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Sunday, September 07, 2014

I Don't Want To Miss a Thing

It's another fantastic Sunday morning, and I hope you're looking forward to another edition of the Sunday Jukebox this week.  I think I've chosen a song that most of you will like, and I definitely have an interesting spin on today's topic.

Now as you know, this year I've decided to make every Sunday Jukebox spotlight a #1 hit from the Billboard music charts.  And, each week, I've featured at least one #1 hit from either the 1960s, 1970s, 1980s, 1990, and even from the 2000s.

Many of the artists that I have featured on this blog entry have had several #1 hit singles, such as Michael Jackson and Katy Perry.  After all, both artists had well over five #1 singles alone from the same album (for "Thriller" and "Teenage Dream" respectively).  Some have been one-hit-wonders.

Regardless of which, many of the artists that I have featured in this blog thus far haven't had to wait too long to achieve their very first #1 hit single.  Take last week's Sunday Jukebox artist, Little Eva.  Her debut single, "The Loco-Motion" became a #1 hit for a week.  Mind you, it was her only #1 hit, but still, it was the first release that she ever did.  That's a big deal.  Why, compare her to say, Madonna.  It took her six singles before she scored her virgin #1 hit in December 1984 with "Like a Virgin".

And some artists had to wait even longer than that to have a #1 single.  For Prince, it took six years before he hit #1 with 1984's "When Doves Cry".  For Bryan Adams, it took one year longer for him to achieve a #1 single with "Heaven" from 1985.  And for Michael Bolton, it took practically fourteen years since he released his first single for him to achieve his very first #1 song, "How Am I Supposed To Live Without You?".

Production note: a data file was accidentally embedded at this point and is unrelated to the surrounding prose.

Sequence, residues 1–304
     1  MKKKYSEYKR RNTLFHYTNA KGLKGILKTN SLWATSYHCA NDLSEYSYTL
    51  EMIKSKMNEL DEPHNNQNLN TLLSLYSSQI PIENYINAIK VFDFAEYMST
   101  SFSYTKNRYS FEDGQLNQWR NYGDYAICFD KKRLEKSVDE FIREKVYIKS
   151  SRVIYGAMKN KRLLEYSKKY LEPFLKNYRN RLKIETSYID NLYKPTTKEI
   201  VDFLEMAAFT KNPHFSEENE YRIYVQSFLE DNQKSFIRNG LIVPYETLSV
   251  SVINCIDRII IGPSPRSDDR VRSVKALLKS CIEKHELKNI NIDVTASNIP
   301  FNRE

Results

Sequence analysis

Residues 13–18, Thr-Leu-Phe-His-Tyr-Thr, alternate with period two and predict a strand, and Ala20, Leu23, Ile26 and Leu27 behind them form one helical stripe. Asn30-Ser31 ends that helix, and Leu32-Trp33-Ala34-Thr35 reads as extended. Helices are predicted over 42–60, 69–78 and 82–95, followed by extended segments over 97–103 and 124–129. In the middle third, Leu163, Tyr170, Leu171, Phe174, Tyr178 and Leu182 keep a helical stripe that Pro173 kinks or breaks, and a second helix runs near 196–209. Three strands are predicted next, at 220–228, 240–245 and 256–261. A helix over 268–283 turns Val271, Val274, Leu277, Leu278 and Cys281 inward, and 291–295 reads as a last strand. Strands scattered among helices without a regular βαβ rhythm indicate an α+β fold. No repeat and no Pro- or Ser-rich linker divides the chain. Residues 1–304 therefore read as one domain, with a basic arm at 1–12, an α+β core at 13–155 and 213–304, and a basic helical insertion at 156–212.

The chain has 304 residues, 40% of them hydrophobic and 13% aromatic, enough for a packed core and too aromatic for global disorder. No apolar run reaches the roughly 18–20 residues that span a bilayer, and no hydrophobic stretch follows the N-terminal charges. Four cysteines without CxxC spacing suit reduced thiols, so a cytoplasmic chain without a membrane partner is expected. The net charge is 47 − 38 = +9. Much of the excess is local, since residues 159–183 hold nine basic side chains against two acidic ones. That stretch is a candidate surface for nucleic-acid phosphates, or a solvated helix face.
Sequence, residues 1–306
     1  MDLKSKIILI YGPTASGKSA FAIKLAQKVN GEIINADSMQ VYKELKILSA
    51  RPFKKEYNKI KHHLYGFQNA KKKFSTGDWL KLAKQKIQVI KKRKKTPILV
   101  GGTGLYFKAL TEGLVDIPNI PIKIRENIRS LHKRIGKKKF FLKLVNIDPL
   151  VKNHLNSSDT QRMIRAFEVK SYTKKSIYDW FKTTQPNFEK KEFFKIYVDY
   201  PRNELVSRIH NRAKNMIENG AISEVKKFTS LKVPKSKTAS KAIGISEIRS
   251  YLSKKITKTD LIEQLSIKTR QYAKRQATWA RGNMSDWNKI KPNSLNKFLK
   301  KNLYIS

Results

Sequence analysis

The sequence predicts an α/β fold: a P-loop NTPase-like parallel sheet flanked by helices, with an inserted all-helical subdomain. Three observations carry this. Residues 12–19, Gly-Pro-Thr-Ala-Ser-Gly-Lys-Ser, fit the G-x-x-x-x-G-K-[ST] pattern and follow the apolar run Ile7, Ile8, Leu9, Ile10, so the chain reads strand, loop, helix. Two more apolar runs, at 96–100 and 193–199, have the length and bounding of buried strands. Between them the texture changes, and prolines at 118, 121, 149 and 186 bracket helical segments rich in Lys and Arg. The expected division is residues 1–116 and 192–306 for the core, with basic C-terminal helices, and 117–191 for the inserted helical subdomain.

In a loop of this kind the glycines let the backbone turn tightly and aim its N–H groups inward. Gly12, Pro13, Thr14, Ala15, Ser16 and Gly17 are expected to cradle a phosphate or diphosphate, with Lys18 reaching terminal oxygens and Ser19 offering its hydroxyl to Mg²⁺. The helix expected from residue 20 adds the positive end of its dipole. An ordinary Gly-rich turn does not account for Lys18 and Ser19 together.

So, as you can see, some artists had to wait quite a while to taste the sweetness of success on the top of the charts.  And the group that I will be featuring in this blog entry had to wait even longer than any of the artists that I previously named in this entry so far.

It's not like they never tried to get to the top of the charts.  After all, this band first formed in 1970 in Boston, Massachusetts, and are still going strong after nearly 45 years together.  But when it came to releasing songs, it took them forever to score a #1 hit on the Billboard Hot 100.

Mind you, they came quite close on several occasions.  The first time was in 1976, when a re-issue of their classic rock single "Dream On" peaked at #6.  Twelve years later, in 1988, the band's rock ballad "Angel" managed to do even better, making the #3 spot.  "Love in an Elevator" became a Top 5 hit in 1989, and a few months later, "Janie's Got a Gun" did one spot better.

But would you believe that it would take the band a total of TWENTY-EIGHT YEARS before they would secure their very first (and as of 2014, only) #1 Billboard Hot 100 hit?  That's a really insane amount of time to wait!  I mean, certainly the band hit #1 several times on the United States Rock Charts, but the Billboard charts were a huge deal.

I guess you could say that fate certainly played a hand in this band's #1 single.  Selected as a song for the movie soundtrack for a summer blockbuster certainly helped with the song's promotion - and the fact that one of the stars of the movie was the daughter of one of the band members probably helped the song get selected for the soundtrack in the first place.

ARTIST:  Aerosmith
SONG:  I Don't Want to Miss a Thing
ALBUM:  Armageddon:  The Album
DATE RELEASED:  August 18, 1998

Wow...not only was this Aerosmith's first #1 hit, but it stayed on the top of the charts for practically the whole month of September 1998.  Not bad, eh?  This was the #1 song sixteen years ago this week, and it certainly was a very powerful song.  I certainly remember beginning my twelfth grade year and hearing this song on the radio being played multiple times.